Fifteen year old Lena’s best friend joins the list, and worse, Lena’s mother, Nel, with a compulsive interest in the history of the pool, is soon also a victim. Nel’s sister Jules, having ignored several calls from her estranged sibling, arrives to try and reconcile her own bitter past relationship with her memory of Nel. It begins to dawn on her that, ill-equipped as she is, she now must also take responsibility for Lena. And Lena doesn’t like or trust her.

The characters are each quite well sketched, but to my mind there are too many of them. I won’t list them as that would require an explanation as to how they all fit together, and that would drown the reader in the pool as well. Ten-plus points-of-view; so that none blossom completely. If I have to pick a hero, it won’t be Jules who seems to be put forward as the main protagonist, but Lena who behaves with a maturity beyond her years.

Paula Hawkins

Paula Hawkins

It is not a spoiler to assume that the drownings are not all suicides, as is at first supposed, but the police are involved in the investigation, and in the story, in more ways than one.

If I was handing out merit stars, three would be my max.

My thanks to Penguin Random House, South Africa for this review copy.

 www.penguin.co.uk

A Doubleday imprint – ISBN 978-0-857-52443-0

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NIGHTHAWK – Clive Cussler & Graham Brown.

As true to the Cussler tradition of high adventure as any of his best. Another one from the NUMA Files; a gripping ride from one dire situation to the next.

Nighthawk - Cussler.jpg

An American space craft is high-jacked just after re-entry and goes off the radar somewhere near the Galapagos Islands. The Chinese, the Russians and the USA all scramble to find it and secure the craft and its cargo. Kurt Austin of NUMA and his team get on the trail of the underwater debris field with one narrow escape after the other only to find themselves with just enough clues to lead them to a lake in the mountains of Peru where the antagonists find themselves all dancing to the skilful fingers of a master puppeteer as he manipulates a disaster to the world far beyond anyone’s imagining.

 

By now, the ZUMA team are old friends and the reader joins them with a sense of belonging, part of the crew, to save the world. A thoroughly satisfying read with a plausible deadly plot that flows from cliff to precipice to freefall and a nerve-snapping finale.

clive-cussler

Clive Cussler

Graham Brown 2

Graham Brown

A Penguin/Michael Joseph Imprint from Penguin Random House, South Africa for review by Book Postmortem. www.penguin.co.uk

ISBN 978-0-718-18289-2

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DEAD LETTERS – Caite Dolan-Leach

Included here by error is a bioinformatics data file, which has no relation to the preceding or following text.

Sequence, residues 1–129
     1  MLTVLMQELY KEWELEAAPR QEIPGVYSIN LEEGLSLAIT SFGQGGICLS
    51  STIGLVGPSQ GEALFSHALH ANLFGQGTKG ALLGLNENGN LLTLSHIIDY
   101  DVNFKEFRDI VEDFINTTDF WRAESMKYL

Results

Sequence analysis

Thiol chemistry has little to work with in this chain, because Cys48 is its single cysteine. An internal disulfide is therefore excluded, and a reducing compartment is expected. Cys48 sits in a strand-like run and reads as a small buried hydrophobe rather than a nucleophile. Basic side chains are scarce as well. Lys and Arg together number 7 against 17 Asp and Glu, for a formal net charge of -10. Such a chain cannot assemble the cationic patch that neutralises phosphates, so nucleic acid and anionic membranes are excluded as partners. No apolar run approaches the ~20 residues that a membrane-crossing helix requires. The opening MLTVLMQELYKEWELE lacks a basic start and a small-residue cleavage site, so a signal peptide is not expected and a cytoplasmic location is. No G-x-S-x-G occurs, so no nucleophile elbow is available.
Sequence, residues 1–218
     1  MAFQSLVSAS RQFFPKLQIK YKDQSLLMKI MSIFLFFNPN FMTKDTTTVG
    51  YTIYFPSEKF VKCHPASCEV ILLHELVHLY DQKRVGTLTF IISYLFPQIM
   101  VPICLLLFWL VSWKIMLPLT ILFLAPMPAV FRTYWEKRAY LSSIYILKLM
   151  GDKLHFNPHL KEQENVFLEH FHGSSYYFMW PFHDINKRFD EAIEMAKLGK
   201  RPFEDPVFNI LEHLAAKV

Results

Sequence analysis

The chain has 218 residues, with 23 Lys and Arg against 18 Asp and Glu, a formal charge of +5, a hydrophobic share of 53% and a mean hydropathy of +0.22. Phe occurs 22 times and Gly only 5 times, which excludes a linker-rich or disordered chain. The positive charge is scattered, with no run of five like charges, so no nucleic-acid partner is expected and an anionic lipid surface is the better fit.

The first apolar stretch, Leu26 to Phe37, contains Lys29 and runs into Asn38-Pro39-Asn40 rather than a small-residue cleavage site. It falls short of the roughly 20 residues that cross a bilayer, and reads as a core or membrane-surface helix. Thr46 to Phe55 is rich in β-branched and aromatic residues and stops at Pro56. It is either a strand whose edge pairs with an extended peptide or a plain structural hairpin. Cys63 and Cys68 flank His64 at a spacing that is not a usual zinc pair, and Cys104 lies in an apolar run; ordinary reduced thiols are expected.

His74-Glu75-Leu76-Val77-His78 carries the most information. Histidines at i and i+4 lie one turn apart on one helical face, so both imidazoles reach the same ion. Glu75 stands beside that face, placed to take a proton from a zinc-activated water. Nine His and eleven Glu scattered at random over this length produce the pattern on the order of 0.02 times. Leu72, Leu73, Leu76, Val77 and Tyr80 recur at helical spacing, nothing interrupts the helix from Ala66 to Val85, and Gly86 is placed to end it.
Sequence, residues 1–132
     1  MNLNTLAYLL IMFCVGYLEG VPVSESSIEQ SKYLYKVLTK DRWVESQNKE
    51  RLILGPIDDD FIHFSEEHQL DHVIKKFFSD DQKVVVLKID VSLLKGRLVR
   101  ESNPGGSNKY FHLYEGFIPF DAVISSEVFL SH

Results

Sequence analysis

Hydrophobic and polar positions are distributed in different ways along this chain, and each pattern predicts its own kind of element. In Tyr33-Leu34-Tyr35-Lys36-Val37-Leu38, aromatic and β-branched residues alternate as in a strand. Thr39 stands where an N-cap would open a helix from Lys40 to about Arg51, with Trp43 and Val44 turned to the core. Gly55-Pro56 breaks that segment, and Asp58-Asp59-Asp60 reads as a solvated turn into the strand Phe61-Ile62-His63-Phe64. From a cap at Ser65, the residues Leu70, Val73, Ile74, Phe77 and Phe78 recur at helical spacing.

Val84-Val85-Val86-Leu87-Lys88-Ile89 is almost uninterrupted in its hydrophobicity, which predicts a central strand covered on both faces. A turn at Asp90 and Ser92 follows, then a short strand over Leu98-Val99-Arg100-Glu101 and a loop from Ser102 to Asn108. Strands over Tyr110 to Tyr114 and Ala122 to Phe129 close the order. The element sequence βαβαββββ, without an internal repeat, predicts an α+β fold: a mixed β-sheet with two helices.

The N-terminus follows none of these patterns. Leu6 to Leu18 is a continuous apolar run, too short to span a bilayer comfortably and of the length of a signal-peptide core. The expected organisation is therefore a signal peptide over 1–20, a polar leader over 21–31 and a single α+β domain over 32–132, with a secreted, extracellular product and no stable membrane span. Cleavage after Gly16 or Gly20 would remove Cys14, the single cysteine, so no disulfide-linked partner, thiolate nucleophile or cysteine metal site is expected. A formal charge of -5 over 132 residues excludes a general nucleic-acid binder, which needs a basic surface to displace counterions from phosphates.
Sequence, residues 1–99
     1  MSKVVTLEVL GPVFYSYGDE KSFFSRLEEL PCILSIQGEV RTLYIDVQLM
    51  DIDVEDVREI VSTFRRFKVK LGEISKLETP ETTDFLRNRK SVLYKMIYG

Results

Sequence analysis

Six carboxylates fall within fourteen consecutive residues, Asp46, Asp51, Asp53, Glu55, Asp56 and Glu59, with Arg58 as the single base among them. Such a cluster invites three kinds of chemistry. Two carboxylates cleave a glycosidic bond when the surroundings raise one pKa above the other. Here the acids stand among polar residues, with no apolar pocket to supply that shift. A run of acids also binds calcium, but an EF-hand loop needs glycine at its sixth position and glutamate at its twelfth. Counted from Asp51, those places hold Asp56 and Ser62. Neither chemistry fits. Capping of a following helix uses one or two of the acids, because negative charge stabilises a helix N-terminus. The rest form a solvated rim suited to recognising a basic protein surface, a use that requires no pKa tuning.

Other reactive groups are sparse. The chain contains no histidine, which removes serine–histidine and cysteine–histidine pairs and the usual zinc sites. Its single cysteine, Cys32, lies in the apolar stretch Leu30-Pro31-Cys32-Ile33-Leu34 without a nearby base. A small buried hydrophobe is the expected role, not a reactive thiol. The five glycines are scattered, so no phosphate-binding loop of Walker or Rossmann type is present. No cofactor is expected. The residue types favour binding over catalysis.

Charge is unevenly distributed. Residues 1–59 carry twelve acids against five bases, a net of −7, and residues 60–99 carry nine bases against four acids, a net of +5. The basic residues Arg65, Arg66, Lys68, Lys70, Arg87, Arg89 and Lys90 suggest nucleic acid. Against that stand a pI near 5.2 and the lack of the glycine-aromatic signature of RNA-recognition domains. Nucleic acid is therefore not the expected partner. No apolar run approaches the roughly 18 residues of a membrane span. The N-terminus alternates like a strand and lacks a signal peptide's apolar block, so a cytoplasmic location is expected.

A fairly satisfying mystery, but by no means a thriller, following an electronic and real paper chase amongst a series of multi-hued herrings awash with wine and pills.

Dead Letters - Dolan-Leach.jpg

Summoned home to the news that a fire has destroyed the barn on the family vineyard, Ava is told that her twin sister, Zelda, was sleeping in the loft there and the police and forensic investigators are sifting through the wreckage to establish whether the remains contain her body.

 Twins, yes; but Ava the neat and orderly A, through the alphabet to Zany Zelda. Ava must follow the trail laid by her crazy sister, picking up threads of clues embedded in historic and current relationships, including those of their divorced parents who are temporarily forced back together for the tragic loss of Zelda. Added to the chaos is their mother’s disease which needs constant attention, supervision and drugs, washed down with several glasses of wine.

Phone messages from Zelda days after the fire convince Ava that her sister is leading them all a merry dance, but she dare not divulge her conclusions to the police or her family for fear of raising both hopes and suspicions, because there is a body in the blackened embers, and the doors were chained and locked. Murder is the obvious answer, but where Zelda is concerned, nothing is obvious.

 The nose will quickly define an intriguing blend of characters; quirky, maybe, but real and earthy. Unfortunately not always particularly likeable. Mum, whose money made it possible to keep the vineyard going, despite a continued succession of less than successful years, remains there, her alcoholic cushion both exacerbating her disease and making life bearable for herself if for nobody else. Their dad heads for California for new pastures, and vineyards. And women. Ava flees to Paris and Zelda is left trying to hold the fort.

Caite Dolan-Leach

Caite Dolan-Leach

The writing is like a really good dry red, there is a smooth flow and it is mostly easy to swallow, but with a dictionary nearby. And the next glass promised keeps the palate asking for more. It is not easy to put this bottle away until the last drop. And the denouement cannot be construed as dregs.

Surely, with promise like this, the author can look forward to another year of even better vintage.

 

Thanks to the Penguin Random House marketing team for this review copy.

A Corvus Imprint of Atlantic Books, London.

www.corvusbooks.co.uk

ISBN 978-1-78649-130-5